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These 5 things might have prevented this NBA star from losing $20 million investing with Charles Banks

When now-retired NBA superstar Tim Duncan met investment and winery financier superstar Charles Augustus Banks IV back in 1997, neither man anticipated that their relationship would wind up in a series of lawsuits, legal actions, a federal indictment and litigation by the Securities and exchange commission. Ironically, it was a fax sent by Banks to Duncan that underpinned the indictment.


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Things might have turned out differently if Duncan had not lost $20 million of the $27 million he entrusted to Banks.


One investment expert says there are important lessons to be learned from this particular case that could help others avoid their own investment disaster.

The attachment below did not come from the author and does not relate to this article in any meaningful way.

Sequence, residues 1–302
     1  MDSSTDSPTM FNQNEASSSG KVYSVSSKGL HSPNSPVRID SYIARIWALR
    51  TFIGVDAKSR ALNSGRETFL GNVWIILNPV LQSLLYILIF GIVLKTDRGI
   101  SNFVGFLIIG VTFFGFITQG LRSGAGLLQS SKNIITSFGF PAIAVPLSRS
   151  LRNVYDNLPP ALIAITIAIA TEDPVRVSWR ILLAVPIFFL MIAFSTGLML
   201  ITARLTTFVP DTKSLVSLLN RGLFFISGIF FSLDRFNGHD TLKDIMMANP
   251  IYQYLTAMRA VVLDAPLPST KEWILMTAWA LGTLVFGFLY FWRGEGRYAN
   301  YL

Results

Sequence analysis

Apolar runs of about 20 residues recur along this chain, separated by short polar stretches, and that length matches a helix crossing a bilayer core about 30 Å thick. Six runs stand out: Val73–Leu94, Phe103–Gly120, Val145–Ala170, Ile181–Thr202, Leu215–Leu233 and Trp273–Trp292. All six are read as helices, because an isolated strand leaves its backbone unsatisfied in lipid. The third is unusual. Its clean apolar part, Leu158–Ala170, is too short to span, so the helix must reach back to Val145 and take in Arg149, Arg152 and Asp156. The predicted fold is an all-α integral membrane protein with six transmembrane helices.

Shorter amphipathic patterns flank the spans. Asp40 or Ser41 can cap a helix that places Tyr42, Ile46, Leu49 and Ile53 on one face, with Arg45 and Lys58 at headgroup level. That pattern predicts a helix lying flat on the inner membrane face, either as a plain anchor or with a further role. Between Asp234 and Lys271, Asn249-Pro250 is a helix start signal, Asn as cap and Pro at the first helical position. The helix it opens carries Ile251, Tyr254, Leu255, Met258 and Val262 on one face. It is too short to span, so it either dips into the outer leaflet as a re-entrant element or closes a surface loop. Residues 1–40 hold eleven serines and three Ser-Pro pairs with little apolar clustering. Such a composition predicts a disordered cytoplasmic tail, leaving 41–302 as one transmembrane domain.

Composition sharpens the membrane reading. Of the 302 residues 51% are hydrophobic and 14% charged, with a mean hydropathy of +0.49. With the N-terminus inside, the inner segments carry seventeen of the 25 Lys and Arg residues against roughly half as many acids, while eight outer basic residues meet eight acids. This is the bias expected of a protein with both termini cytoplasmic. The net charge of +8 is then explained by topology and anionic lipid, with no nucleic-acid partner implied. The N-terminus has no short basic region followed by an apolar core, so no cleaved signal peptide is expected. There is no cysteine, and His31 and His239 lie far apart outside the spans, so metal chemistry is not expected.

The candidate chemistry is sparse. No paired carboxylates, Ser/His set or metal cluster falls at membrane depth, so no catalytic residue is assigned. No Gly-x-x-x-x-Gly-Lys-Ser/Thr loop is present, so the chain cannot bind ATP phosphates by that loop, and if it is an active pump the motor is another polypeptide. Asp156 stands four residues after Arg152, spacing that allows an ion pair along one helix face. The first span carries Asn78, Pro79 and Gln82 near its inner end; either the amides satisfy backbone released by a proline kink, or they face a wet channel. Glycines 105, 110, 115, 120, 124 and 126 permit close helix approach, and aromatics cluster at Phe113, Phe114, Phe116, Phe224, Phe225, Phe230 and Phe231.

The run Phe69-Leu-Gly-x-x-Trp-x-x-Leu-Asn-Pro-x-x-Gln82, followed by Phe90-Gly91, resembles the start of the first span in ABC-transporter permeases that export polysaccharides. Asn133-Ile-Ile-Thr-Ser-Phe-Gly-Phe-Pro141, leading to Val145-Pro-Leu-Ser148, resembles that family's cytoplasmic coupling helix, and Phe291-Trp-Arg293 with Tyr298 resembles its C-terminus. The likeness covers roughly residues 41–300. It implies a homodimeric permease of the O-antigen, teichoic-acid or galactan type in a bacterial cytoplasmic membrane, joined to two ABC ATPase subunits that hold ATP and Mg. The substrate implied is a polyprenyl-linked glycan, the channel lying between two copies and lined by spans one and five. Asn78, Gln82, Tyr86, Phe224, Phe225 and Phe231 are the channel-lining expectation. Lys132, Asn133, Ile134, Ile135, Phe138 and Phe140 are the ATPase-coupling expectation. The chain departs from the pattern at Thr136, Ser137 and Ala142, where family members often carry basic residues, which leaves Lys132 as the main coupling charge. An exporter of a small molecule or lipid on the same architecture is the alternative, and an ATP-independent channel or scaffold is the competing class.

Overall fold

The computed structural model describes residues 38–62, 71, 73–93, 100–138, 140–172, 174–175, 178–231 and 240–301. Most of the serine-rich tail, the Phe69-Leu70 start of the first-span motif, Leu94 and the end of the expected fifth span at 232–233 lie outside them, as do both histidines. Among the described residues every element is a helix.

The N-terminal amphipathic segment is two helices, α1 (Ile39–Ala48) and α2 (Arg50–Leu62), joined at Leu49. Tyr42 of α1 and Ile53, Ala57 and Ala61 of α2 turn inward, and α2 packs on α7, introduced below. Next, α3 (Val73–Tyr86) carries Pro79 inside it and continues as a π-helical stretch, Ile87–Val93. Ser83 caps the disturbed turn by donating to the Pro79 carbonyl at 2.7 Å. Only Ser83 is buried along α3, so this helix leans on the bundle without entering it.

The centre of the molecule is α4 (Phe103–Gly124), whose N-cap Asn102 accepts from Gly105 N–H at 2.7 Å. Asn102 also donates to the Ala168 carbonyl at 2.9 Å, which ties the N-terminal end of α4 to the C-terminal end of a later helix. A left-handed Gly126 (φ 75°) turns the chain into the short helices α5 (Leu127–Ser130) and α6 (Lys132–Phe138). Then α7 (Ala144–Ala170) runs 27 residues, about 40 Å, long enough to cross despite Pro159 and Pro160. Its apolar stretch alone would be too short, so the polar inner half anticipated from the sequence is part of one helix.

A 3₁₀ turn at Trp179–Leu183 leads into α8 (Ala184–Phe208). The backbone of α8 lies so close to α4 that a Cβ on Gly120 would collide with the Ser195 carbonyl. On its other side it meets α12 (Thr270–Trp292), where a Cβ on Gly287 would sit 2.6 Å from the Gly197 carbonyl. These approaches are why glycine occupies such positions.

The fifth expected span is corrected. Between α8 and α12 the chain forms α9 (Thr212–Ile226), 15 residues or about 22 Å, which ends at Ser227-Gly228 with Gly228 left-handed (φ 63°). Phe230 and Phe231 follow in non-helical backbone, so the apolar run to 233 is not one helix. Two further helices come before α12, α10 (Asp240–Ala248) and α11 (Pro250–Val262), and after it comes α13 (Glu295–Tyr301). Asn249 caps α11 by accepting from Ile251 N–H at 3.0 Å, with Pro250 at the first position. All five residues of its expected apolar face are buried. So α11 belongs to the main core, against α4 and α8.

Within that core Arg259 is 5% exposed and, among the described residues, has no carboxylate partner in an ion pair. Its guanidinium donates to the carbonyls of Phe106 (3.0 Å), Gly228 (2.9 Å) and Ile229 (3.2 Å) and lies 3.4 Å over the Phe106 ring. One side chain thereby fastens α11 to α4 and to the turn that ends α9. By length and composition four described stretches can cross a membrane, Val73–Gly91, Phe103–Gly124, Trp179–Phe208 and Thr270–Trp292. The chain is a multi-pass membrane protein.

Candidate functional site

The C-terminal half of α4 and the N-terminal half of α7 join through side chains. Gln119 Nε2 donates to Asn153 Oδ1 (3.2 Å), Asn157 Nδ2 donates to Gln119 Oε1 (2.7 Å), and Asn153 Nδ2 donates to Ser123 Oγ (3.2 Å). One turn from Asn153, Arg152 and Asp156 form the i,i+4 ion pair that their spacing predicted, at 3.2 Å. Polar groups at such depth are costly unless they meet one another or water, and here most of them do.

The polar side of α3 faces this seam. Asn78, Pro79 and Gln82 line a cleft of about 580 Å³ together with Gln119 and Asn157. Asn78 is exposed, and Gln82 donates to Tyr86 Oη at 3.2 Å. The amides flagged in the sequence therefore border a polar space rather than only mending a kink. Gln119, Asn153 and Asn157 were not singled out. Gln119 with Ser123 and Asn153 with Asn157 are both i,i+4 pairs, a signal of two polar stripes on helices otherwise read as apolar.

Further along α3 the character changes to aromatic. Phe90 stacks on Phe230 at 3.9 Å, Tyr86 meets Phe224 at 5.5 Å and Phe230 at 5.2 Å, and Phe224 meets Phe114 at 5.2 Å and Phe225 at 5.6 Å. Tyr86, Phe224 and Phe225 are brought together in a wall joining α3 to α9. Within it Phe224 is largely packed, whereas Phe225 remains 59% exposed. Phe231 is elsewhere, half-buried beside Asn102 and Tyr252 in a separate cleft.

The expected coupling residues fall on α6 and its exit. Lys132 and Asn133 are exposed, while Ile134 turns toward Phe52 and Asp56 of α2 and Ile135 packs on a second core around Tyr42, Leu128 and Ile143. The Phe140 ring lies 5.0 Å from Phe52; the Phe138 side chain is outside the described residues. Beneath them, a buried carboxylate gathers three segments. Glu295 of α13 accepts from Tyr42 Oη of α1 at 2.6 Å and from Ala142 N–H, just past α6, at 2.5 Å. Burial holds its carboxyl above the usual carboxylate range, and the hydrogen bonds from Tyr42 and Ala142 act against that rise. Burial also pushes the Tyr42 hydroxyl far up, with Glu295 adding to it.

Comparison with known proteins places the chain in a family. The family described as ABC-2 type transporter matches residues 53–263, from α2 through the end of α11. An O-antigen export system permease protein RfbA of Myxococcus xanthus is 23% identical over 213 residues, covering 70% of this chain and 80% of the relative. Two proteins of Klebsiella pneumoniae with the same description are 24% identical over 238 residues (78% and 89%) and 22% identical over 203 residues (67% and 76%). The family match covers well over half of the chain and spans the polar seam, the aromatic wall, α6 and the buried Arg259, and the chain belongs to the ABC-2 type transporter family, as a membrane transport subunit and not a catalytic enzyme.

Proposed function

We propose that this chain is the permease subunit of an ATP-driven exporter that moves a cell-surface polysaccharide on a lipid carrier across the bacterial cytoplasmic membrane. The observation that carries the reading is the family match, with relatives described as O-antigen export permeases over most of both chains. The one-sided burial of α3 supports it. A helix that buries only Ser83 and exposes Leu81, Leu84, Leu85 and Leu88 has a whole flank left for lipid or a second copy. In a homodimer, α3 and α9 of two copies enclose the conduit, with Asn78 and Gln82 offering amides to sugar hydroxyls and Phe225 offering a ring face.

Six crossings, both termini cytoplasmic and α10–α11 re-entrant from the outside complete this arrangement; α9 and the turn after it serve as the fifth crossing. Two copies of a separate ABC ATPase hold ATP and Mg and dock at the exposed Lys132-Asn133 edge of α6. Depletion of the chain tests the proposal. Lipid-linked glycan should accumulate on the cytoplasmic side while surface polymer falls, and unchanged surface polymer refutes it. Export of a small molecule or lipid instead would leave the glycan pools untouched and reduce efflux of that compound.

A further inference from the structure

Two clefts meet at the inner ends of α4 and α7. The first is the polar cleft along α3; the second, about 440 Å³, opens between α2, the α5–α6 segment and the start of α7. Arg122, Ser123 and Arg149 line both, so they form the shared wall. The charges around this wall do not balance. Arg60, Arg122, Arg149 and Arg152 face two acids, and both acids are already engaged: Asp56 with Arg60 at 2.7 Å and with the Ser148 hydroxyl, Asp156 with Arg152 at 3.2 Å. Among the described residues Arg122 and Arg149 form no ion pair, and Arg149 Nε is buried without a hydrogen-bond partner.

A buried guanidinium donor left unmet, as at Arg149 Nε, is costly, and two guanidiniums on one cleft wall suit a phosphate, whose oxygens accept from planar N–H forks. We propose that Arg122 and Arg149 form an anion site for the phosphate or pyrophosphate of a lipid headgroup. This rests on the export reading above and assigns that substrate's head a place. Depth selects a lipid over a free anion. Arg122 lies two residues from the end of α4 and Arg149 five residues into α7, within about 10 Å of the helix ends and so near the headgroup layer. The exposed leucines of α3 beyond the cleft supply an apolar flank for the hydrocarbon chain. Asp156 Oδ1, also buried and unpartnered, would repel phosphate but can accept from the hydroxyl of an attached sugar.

Warning signs

Yesterday, Wine Industry Insight spoke with Matt Schwegman, founder and owner of Composed Financial Management, PLLC, a Houston, TX-area financial management company who weighed in on five key mistakes that Duncan made that led to the current situation.


Schwegman, a soft-spoken CPA and registered investment advisor. said that one key problem with wealth management these days is the emphasis on selling, “There’s not enough emphasis on actual management of wealth or on the level of transparency that clients should expect.”


After looking at the court filings, Schwegman concluded that five serious warning signs had been missed:


  1. Banks had no professional certifications for investment management
  2. There seem to be no investment monitoring or portfolio performance tracking
  3. Duncan’s investments lacked diversification
  4. The fee structure was unclear
  5. There did not seem to be proper due diligence

The Five Mistakes That Cost Tim Duncan $20M

Click here to read Schwegman’s extensive piece on avoiding the same five mistakes that cost Tim Duncan $20M.